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Math Help - Double integral proof.

  1. #1
    Super Member Showcase_22's Avatar
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    Double integral proof.

    Prove that \int_{-\infty}^{\infty} \int_{-\infty}^{\infty} e^{-x^2-y^2} dx \ dy=\lim_{b \rightarrow \infty} \int_{-b}^b \int_{-b}^b e^{-x^2-y^2}dx \ dy=4 \left( \int_0^{\infty} e^{-x^2}dx \right)^2.
    I'm not sure how to prove the first equality. It's intuitively obvious, but I don't know how to go about proving it

    I've assumed the first equality to be true. This suggests that the region of integration is a square, so the integrals can be switched around pretty easily:

    \lim_{b \rightarrow \infty}\int_{-b}^b \int_{-b}^b e^{-x^2-y^2} dy \ dx

    \lim_{b \rightarrow \infty} \int_{-b}^b \left[ -\frac{1}{2y}e^{-x^2-y^2} \right]_{-b}^b \ dx

    \lim_{b \rightarrow \infty} \int_{-b}^b -\frac{1}{2b}e^{-x^2-b^2}-\frac{1}{2b}e^{-x^2-b^2} \  dx

    The problem with the step above is that it becomes: \int_{-\infty}^{\infty} 0 \ dx which looks hopelessly wrong.

    Can anyone point me in the right direction?
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  2. #2
    is up to his old tricks again! Jhevon's Avatar
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    Quote Originally Posted by Showcase_22 View Post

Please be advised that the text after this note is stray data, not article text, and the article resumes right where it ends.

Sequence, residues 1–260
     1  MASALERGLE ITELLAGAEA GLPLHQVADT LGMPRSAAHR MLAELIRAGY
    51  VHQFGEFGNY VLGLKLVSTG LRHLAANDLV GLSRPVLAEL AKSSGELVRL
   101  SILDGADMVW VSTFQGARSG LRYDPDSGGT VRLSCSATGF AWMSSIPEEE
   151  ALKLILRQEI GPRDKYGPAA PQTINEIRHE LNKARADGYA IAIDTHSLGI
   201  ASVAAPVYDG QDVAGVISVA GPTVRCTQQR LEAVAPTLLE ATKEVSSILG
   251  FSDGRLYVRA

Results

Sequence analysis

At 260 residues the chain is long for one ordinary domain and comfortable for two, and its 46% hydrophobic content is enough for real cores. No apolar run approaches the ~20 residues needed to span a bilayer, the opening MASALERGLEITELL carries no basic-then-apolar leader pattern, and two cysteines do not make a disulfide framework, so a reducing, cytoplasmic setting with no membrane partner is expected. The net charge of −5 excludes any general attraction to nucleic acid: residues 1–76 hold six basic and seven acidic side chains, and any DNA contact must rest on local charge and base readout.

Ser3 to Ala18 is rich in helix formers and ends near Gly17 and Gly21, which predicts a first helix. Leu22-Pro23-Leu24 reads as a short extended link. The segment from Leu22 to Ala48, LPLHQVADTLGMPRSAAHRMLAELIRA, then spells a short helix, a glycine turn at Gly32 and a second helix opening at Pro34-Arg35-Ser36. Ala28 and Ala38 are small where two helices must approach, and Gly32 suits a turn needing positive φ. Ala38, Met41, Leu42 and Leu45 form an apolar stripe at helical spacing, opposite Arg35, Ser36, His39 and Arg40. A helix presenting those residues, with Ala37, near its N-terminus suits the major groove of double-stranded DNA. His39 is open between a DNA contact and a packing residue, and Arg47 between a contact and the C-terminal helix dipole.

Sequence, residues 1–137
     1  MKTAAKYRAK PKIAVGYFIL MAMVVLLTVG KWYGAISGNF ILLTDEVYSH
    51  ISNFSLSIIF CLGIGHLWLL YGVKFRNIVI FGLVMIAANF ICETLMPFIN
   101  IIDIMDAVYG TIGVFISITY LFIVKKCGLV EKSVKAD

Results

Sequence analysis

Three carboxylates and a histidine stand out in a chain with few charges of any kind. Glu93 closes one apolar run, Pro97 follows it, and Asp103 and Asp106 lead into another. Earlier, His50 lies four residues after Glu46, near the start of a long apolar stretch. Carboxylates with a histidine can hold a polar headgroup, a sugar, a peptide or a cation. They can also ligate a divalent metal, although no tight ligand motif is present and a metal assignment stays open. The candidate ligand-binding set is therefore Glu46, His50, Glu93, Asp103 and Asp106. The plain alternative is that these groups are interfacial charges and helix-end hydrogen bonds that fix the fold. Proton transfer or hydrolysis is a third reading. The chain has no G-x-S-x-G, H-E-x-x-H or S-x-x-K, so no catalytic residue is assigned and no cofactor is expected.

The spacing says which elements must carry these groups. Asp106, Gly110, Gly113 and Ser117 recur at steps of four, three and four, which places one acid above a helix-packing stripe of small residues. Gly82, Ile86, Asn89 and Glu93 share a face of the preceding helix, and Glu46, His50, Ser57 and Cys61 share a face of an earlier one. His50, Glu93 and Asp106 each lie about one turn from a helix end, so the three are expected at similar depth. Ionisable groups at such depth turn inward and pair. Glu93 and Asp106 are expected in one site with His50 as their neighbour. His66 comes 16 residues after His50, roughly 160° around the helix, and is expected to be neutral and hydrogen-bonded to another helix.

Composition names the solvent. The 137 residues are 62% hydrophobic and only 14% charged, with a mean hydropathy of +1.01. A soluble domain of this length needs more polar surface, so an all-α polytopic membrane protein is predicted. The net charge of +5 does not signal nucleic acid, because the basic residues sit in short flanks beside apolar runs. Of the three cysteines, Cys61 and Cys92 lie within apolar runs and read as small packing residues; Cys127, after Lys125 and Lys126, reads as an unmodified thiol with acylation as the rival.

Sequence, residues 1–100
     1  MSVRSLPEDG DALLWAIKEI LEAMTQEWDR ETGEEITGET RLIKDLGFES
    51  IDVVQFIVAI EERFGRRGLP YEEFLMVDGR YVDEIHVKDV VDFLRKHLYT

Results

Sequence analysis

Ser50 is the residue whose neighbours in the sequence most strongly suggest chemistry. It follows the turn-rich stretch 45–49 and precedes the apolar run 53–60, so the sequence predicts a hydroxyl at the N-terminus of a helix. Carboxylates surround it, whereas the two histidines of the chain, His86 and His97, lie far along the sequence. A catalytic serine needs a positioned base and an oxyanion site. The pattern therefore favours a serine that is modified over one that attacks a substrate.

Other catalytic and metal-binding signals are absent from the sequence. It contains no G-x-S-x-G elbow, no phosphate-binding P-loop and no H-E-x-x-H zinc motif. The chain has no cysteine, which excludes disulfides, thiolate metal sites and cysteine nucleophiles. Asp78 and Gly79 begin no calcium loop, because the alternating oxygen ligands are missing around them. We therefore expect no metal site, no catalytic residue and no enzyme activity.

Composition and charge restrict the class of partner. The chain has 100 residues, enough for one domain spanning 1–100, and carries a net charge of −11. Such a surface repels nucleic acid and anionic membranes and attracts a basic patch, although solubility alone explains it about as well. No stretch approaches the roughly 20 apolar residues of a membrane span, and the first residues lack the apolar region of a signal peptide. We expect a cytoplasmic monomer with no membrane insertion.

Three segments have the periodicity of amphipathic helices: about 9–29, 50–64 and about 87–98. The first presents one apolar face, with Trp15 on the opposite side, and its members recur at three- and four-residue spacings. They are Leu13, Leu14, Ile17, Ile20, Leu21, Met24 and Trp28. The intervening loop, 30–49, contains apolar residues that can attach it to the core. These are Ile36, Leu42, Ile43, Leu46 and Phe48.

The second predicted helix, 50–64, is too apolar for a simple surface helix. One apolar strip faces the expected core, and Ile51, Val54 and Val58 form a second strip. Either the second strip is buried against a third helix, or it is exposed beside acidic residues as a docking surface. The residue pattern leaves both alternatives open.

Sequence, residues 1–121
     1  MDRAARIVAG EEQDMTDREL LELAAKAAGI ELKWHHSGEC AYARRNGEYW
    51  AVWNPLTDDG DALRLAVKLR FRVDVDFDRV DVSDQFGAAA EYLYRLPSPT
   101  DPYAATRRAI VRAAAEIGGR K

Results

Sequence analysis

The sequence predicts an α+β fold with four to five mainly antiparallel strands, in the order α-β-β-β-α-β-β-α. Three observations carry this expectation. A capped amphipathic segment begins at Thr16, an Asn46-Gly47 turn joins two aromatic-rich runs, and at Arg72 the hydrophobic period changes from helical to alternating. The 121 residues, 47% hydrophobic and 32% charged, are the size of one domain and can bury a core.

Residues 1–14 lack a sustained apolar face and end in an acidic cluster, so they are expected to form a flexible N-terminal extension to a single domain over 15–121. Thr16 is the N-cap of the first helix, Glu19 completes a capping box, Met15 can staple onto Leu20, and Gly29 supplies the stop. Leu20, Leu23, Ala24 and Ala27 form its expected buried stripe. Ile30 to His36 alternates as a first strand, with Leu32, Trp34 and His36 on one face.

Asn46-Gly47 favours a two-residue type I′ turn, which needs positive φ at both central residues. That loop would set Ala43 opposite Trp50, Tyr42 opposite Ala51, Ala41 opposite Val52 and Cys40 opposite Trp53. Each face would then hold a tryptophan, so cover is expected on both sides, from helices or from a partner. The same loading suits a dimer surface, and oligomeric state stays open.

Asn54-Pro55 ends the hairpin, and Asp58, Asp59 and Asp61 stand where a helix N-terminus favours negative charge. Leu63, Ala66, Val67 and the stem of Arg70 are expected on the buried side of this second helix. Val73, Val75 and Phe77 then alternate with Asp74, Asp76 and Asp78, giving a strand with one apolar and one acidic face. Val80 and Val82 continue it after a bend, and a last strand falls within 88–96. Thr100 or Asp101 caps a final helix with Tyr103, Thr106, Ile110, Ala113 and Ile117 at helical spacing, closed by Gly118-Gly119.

I'm not sure how to prove the first equality. It's intuitively obvious, but I don't know how to go about proving it

    I've assumed the first equality to be true. This suggests that the region of integration is a square, so the integrals can be switched around pretty easily:

    \lim_{b \rightarrow \infty}\int_{-b}^b \int_{-b}^b e^{-x^2-y^2} dy \ dx

    \lim_{b \rightarrow \infty} \int_{-b}^b \left[ -\frac{1}{2y}e^{-x^2-y^2} \right]_{-b}^b \ dx

    \lim_{b \rightarrow \infty} \int_{-b}^b -\frac{1}{2b}e^{-x^2-b^2}-\frac{1}{2b}e^{-x^2-b^2} \  dx

    The problem with the step above is that it becomes: \int_{-\infty}^{\infty} 0 \ dx which looks hopelessly wrong.

    Can anyone point me in the right direction?
    yes, the first equality is pretty much by definition. i'd just assume it is true. after that, your biggest mistake is thinking that you can integrate like that. your integral is wrong (it would probably do you good to look up how to (and when you can) integrate exponential functions. to integrate this, switch to polar coordinates
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